Jen Tolentino '08
On the 100th anniversary of women's suffrage, this alumna continues the legacy.
By Tom Kertscher
Jen Tolentino ’08 was in elementary school when she learned women didn’t always have the right to vote.
“I realized that it had been less than 100 years since women had had the same rights as men, and I remember being shocked,” Tolentino said.
As the centennial of the 19th Amendment approaches — it was made law on Aug. 26, 1920 — Tolentino is working to get women and other groups of traditionally unrepresented people to register and vote.
Tolentino, based in Los Angeles, is vice president of policy and civic tech for Rock the Vote, a nonprofit that works to build the political power of young people. Since 2015, she has directed the organization’s efforts to protect and expand the voting rights of young people through grassroots organizing, legislation, and litigation efforts. She formerly worked at the Pew Charitable Trust’s Voting Information Project.
“I wanted to work on campaigns that convince marginalized communities, such as young people, who typically are not getting a lot of the education around civics any more, about the right to vote … about how do they actually effect change in their communities through building political power,” she said.
While Rock the Vote’s national platform helps young people across the country register, the organization also helps teenagers preregister to vote, such as in California, where 16-year-olds can sign up. When it’s time to head to the polls or fill out an absentee ballot, Rock The Vote also sends out a reminder via text.
Along with its voter registration and preregistration efforts, Rock the Vote offered a mix of classes on the history and importance of voting in more than 2,000 high schools across America before the 2018 election.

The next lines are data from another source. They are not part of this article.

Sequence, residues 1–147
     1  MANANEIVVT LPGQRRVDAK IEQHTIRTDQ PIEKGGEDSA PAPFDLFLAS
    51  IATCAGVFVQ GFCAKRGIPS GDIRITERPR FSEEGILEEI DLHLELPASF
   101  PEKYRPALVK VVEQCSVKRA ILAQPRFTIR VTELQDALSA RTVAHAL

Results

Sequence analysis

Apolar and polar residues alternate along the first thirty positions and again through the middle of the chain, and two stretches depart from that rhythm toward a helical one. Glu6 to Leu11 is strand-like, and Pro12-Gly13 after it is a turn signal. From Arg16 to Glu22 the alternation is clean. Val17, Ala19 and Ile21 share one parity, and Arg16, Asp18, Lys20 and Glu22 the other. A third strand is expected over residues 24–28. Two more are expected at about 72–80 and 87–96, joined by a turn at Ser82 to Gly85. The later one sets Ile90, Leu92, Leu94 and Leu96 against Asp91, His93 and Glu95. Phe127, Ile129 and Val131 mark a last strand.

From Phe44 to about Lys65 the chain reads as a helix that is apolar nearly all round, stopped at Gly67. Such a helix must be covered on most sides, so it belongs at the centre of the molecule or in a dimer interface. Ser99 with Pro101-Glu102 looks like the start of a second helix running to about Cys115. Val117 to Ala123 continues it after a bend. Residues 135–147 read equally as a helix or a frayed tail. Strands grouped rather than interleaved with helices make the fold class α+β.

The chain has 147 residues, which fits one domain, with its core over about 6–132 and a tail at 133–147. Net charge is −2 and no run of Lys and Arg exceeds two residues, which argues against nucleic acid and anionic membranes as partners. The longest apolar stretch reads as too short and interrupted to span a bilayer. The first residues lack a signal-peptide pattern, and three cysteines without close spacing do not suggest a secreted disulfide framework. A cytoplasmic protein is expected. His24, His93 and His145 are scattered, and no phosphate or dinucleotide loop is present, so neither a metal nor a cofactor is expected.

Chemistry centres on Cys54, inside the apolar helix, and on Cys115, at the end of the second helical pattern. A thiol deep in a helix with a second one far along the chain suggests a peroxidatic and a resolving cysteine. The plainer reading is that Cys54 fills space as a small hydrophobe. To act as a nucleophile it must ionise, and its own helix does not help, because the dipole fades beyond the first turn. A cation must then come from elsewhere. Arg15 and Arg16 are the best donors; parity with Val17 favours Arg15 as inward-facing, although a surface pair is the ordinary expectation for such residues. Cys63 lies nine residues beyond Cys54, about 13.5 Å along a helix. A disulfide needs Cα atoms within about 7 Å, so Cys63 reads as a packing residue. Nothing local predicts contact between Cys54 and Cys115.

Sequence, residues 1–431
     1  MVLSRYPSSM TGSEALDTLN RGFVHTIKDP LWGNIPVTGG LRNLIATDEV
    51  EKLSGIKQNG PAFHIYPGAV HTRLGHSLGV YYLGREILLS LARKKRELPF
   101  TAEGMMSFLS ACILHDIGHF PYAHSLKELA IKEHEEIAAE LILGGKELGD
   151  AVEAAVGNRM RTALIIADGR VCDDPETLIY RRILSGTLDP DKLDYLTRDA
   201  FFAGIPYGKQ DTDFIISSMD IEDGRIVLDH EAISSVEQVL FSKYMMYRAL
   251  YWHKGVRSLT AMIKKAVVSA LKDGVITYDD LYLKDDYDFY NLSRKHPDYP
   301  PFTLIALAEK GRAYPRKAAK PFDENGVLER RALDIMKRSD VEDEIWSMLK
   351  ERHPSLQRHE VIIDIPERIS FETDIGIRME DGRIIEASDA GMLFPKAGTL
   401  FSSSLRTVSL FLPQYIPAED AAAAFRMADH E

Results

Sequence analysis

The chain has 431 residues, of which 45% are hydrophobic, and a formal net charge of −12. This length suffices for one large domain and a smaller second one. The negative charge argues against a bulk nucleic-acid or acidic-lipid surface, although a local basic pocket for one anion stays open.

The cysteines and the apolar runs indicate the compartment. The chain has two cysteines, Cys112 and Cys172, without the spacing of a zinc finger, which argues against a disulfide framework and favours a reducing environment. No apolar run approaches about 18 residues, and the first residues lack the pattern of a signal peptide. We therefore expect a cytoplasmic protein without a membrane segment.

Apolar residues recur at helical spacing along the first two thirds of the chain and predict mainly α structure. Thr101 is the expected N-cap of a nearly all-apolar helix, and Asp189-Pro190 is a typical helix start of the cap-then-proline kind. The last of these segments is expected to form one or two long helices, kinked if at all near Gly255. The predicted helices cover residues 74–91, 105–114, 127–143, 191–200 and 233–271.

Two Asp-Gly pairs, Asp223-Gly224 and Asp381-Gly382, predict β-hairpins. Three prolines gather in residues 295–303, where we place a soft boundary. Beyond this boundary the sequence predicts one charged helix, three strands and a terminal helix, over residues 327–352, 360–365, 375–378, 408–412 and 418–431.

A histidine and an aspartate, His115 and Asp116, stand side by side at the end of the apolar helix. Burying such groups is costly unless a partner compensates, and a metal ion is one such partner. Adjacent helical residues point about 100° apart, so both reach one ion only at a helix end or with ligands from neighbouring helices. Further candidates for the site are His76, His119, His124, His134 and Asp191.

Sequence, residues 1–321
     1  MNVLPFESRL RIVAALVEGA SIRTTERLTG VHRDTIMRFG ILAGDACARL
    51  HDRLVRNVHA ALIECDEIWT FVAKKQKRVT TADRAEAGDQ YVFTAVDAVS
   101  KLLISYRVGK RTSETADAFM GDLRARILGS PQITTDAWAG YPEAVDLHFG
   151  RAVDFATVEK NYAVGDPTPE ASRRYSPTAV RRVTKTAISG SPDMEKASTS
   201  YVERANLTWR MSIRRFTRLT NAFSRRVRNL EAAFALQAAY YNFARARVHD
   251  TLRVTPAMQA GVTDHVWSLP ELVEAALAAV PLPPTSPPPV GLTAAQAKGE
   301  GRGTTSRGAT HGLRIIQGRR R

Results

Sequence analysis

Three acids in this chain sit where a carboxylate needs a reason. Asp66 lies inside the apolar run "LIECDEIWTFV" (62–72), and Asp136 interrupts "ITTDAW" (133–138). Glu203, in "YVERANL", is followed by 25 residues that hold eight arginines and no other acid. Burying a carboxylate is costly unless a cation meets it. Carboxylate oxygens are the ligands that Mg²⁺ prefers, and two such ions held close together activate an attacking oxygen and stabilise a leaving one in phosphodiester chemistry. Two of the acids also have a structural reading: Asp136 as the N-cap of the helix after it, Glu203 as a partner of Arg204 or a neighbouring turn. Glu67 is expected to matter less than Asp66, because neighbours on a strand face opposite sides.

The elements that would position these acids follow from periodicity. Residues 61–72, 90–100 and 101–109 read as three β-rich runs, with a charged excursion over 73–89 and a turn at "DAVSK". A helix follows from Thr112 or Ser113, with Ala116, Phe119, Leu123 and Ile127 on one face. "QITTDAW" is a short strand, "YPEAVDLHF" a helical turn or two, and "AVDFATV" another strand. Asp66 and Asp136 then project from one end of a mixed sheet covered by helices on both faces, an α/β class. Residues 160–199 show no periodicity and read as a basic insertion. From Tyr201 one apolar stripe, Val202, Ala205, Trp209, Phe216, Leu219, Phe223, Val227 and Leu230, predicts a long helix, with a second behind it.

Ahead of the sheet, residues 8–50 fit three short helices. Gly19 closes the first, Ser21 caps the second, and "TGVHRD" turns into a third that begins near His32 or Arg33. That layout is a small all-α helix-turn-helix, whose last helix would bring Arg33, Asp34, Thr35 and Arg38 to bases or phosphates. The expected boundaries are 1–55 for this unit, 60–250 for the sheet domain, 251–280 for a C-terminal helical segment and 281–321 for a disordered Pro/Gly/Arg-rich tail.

According to the U.S. Census Bureau, voter turnout among 18- to 29-year-olds jumped from 20% in 2014 to 36% in 2018, the largest percentage point increase for any age group. Rock the Vote, in partnership with MTV, had been founded in 1990 to energize people in that very group.
“Being part of that movement and energy and contributing to how we funnel this activism that we’re seeing into actual political change is really exciting,” Tolentino said.
A record 117 women were elected to Congress in 2018, and a record 127 congresswomen are now serving. However, that number only makes up 29% of the total seats. Twenty-five women were also sworn in as U.S. senators in 2018; while that’s also the highest number in history, it accounts for only a quarter of the seats in the upper chamber. It took nearly 100 years for a woman to be elected speaker of the House — Nancy Pelosi in 2007 — and, of course, the country has not elected a woman president.
According to the Center for American Women and Politics at Rutgers University, 28% of executive elected offices in state government are held by women, and 27 of America’s 100 largest cities have female mayors.
Tolentino said she is excited by the number of organizations recruiting and training women to run for office, but there is much more work to be done in terms of shifting the norms and expectations of our society.
“Getting the right to vote 100 years ago, there was an assumption that women are equal, and they should have equal political voice,” Tolentino said. “But equality has been very slow in coming, and we still have a lot of work to do to raise up the voices and positions of power of all sorts of different women.”
Tolentino majored in English at UCR and earned a master’s degree in public policy at UCLA. She also participated in the University of California District of Columbia program, which allows students to study and work in Washington, D.C. She credited the diversity of UCR’s campus with helping her succeed in her career.
“It just grounded me in the type of community and work that I want to do,” she said.